In college, I had a creative writing course that almost turned me off of the pursuit.
Safeguarding my 4.0 grade point average, I read the assigned short story collection before class began. These were award winning pieces; charming, clever, and oozing with emotion. When the professor saw my paperback copy, with it’s folded pages and well worn spine, my “A” would be a foregone conclusion, that was until he told us to ignore the syllabus. He was going off book, bringing in photocopies of stories from his personal collection. He felt they were better representations of what we should aspire to be writing.
As thick as these shorts were, they were uneventful, over stuffed with poetic language. If they were interpreted as films they’d be five minutes of awkward silences. If they were turned into plays, the director would have nothing to block out. The cast would stare off in opposite directions, while the audience waited for something to happen. The characters rarely moved, they made small talk to conceal larger conversations. The stories rarely came to conclusions, they just sort of ended.
Believing the absence of entertainment value signified some deeper meaning, I found myself rereading. It all went over my head. I felt illiterate. I kept looking, but I couldn’t see what the professor saw in these clips. I hoped our discussions would shed some light on his reasoning.
Rather than dwell on characters or plot points, we discussed the stories like we were interpreting dreams. Our conversations began with questions like:
“What did the color of the drapes represent?”
“How does the spiral staircase parallel the couple’s relationship?”
“When Gerald says, ‘The tree should have blossomed by now,’ what does he really mean?”
The professor preferred narratives that read like portraits. Paintings of couples frozen in time. These weren’t stories about changes, but explorations in the characters’ routines. If we wanted signs of development, we’d have to search for hints.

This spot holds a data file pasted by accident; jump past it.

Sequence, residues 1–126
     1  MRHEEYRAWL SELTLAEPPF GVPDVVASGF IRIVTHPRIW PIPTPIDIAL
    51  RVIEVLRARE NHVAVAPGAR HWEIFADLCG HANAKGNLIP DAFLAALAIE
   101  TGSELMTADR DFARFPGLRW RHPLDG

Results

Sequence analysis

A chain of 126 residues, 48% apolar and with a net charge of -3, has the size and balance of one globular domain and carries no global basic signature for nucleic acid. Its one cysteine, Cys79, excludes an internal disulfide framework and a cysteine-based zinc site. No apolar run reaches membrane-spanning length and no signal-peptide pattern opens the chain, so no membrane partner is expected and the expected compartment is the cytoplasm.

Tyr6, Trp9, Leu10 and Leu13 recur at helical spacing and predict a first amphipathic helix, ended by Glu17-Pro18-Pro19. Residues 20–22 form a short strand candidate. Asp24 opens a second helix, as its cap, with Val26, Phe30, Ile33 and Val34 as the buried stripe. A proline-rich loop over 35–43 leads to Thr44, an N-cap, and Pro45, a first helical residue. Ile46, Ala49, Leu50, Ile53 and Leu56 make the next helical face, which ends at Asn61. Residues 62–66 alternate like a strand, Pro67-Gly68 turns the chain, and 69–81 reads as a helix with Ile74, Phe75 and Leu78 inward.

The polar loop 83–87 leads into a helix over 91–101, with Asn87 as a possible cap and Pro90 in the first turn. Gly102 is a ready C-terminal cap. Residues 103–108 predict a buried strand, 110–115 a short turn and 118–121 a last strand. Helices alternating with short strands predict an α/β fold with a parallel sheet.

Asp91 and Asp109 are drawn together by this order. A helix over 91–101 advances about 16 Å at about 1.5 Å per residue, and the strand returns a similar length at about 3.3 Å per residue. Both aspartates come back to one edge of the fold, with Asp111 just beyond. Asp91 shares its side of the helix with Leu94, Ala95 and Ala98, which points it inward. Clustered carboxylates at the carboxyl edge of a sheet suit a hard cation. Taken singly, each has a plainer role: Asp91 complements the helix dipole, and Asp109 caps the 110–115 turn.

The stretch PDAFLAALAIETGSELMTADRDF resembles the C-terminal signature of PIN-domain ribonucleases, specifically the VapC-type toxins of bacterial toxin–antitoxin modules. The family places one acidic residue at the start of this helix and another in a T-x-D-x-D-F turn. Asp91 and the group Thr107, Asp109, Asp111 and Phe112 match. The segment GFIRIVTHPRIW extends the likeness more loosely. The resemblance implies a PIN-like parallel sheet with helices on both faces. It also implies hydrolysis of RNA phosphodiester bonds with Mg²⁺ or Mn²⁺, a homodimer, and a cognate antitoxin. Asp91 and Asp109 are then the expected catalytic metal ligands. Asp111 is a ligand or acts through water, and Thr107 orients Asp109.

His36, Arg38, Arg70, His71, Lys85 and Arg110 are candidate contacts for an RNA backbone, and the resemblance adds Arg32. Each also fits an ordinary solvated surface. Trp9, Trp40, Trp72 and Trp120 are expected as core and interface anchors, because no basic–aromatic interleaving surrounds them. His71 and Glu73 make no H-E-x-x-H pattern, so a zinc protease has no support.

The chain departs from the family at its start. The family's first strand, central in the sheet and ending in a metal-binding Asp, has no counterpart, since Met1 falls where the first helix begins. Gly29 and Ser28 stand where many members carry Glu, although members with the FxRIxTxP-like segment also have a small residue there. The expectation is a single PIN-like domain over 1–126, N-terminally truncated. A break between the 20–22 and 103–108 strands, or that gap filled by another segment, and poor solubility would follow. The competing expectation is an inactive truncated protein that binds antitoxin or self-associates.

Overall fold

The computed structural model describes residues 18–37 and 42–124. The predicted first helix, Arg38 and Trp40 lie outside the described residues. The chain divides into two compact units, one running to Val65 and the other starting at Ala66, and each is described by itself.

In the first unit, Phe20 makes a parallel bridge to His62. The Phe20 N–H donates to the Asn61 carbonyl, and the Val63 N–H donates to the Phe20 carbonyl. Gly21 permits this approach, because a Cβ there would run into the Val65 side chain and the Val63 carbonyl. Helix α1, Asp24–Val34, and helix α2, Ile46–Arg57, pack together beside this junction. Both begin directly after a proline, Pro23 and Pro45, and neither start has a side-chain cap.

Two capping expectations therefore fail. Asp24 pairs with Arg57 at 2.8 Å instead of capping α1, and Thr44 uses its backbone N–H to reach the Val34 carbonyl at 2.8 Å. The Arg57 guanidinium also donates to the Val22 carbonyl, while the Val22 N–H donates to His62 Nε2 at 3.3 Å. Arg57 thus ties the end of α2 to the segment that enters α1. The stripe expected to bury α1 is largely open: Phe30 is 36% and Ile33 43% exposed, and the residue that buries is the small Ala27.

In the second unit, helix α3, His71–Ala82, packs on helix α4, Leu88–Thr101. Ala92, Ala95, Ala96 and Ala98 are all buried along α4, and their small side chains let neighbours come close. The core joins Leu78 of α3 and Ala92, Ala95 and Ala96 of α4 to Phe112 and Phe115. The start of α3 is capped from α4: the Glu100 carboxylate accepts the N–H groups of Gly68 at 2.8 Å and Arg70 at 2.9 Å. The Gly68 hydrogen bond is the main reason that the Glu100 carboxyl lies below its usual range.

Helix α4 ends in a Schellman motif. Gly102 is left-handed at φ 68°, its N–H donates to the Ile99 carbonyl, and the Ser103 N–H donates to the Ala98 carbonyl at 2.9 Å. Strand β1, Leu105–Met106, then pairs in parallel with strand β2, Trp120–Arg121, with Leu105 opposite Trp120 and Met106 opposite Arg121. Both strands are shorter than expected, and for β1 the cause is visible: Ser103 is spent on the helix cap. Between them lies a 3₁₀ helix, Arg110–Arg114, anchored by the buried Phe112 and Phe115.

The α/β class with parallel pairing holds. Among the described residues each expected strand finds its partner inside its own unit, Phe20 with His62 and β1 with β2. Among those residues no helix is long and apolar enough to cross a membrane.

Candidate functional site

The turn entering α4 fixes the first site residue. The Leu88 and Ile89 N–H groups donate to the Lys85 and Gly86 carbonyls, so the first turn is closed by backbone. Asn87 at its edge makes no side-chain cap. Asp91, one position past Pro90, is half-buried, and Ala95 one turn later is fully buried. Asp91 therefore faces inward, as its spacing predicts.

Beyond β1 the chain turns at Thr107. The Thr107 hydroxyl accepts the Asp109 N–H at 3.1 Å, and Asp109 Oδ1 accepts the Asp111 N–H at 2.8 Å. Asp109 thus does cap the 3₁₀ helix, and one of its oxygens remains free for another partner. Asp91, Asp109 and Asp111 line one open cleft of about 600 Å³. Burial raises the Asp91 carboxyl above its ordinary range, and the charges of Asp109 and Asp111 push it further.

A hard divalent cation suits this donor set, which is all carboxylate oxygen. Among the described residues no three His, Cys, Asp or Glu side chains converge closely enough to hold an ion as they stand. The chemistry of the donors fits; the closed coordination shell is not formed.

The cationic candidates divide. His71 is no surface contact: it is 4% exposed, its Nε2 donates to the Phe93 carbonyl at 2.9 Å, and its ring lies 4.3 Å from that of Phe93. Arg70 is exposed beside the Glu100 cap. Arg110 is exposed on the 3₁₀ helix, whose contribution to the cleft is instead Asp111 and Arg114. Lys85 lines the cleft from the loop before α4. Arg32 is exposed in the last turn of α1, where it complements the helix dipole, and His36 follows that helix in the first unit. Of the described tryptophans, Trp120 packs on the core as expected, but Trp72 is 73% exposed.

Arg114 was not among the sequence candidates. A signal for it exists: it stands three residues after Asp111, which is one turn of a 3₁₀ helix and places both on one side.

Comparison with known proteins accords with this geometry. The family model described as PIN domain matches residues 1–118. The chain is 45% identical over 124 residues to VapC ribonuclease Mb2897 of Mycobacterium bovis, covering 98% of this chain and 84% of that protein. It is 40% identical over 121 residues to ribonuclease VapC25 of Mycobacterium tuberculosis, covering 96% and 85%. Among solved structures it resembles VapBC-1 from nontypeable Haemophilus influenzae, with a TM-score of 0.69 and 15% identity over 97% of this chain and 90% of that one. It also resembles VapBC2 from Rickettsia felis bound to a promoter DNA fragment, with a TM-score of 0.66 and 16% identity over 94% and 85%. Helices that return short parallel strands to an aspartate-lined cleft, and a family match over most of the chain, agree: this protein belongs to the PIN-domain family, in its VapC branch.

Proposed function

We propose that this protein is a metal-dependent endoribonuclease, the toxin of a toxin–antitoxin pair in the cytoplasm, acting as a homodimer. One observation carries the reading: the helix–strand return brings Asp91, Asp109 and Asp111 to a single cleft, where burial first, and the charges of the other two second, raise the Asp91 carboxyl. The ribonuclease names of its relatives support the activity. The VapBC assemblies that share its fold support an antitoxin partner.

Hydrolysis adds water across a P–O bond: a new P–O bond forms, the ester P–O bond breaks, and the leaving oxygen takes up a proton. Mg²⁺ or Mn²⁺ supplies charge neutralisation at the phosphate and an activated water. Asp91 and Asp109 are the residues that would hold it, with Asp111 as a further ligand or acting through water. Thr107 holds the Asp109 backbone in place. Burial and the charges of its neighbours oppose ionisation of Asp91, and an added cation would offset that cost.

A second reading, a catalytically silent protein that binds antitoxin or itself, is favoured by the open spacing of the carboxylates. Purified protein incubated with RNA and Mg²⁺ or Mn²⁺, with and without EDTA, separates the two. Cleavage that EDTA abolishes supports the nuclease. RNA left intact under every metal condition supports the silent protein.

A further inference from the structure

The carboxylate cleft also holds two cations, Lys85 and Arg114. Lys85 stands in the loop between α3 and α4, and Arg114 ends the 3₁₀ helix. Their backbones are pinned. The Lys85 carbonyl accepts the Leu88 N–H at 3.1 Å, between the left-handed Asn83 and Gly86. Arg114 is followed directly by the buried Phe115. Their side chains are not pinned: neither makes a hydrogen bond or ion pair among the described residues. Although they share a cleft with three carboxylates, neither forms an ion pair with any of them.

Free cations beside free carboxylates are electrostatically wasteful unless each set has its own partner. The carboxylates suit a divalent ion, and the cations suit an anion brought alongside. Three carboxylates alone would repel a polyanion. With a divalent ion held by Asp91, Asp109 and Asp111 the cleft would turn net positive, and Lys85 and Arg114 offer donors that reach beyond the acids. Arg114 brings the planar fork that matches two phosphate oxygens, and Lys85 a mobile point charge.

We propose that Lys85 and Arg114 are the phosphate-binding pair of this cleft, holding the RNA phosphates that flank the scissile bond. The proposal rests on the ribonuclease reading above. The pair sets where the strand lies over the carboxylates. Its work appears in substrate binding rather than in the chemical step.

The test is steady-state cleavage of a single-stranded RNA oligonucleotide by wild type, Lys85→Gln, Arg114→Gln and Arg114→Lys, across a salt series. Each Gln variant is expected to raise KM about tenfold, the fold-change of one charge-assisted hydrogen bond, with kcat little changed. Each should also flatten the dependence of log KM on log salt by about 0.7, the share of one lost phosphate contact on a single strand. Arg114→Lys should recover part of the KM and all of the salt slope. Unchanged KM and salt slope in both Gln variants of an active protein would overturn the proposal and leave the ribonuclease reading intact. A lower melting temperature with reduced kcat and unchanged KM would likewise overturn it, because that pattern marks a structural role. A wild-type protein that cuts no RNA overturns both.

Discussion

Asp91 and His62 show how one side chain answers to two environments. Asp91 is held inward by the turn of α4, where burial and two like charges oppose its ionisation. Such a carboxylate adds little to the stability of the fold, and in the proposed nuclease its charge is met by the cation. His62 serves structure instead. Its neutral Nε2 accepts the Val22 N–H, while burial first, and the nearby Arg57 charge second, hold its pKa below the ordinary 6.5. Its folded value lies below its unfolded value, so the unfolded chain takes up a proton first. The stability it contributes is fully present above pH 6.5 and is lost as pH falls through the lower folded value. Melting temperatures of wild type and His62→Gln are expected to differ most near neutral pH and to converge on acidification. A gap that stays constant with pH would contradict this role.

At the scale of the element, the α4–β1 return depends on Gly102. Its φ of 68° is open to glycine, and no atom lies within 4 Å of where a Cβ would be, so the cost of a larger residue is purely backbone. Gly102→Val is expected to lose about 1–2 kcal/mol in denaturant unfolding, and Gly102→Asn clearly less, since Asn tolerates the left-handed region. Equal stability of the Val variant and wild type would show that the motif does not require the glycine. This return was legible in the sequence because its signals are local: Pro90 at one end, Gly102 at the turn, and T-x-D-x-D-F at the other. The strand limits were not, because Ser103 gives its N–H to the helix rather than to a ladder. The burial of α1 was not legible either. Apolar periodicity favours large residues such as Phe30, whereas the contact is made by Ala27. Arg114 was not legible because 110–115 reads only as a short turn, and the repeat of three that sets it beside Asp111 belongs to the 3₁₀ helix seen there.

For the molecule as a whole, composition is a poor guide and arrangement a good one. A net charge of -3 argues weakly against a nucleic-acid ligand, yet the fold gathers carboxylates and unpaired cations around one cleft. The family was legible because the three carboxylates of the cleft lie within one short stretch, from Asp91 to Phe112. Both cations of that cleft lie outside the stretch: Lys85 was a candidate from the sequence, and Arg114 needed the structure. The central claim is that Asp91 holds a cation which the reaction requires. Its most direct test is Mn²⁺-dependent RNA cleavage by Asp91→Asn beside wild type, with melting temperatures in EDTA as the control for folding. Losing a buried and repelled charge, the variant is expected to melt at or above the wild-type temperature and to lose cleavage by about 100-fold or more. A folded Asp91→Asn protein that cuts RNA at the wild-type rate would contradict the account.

We were told to look for the iconography in the scenery, to search for symbolism in the humdrum, to find mosaics in the prosaic. It felt like we were learning valuable skills for critiquing another medium.
While I struggled to understand these stories, the rest of the class set out to find the invisible hand of the author, and they saw it everywhere. They were in on a joke that I didn’t get. They observed the feelings evoked by the sight of blue, red, and yellow, while I felt colorblind. Their fine toothed combs were finer than mine. Their enigma machines were in perfect working order, while I tried to break these codes with a crayon and a piece of paper.
This is not an exaggeration: I considered the possibility that I had an attention deficiency. I couldn’t focus long enough to read between the lines. I kept thinking, if I can’t see the value in these stories, who’s going to see the value in mine?
I thought that I might have poor taste, that Stephen King was what we peasants drank, with our beer bottle pockets, and these shorts were the Champagne of the literary world. My palate wasn’t refined enough to appreciate the difference.
When it came time for peer revue, our intentions were lost in translation. The authors were told they couldn’t chime in until the end, they had to soak in their audience’s confusion. Each short was an inkblot, open to interpretation. Every observation said more about the reader than the author of the words.
Scanning flat surfaces for signs of dimension, we saw sexual tension where there was none. We saw plot threads as thin as fishing lines, that told us the players were on borrowed time. Our subliminal searches led us to better stories than the author’s intended.
Relying on the Socratic method, the professor tried to direct us to conclusions using questions. This only added to the confusion. We came away with the wrong lessons.
The students got defensive. It wasn’t their fault that we lost the plot, we should’ve seen the signs. It wasn’t that they weren’t writing well, it was that we didn’t know how to read it right.
Imagine being told you didn’t get the job only to counter with, “You just didn’t get the symbolism in my cover letter.”
I couldn’t see the point of interjecting dual meanings, of making everything Freudian. I had a story to tell that involved police corruption, crooked lawyers, and demons. I couldn’t waste time languishing in any one location.
When I turned in my noir thriller, the professor was not a fan, but my peers had a different reaction. In their written feedback, they kept calling it “Fun.” There was a word we weren’t slinging around in our quest for deeper meaning, but “fun” was my intention.
I wanted to put something enticing on the surface before drawing my readers in. My popcorn prose weren’t completely on the nose. I didn’t prefer telling to showing, but it was clear what was happening.
I used symbols, but I took care not to make them the stars of the show. Clever characters, and an original premise were my big draws. Students thanked me for bringing action to my fiction. What I lacked in hidden meanings I made up in entertainment value.
I learned that symbols can be fascinating, tools to add layers to your writing, but you have to have a compelling story before anyone will feel the need to open it to interpretation.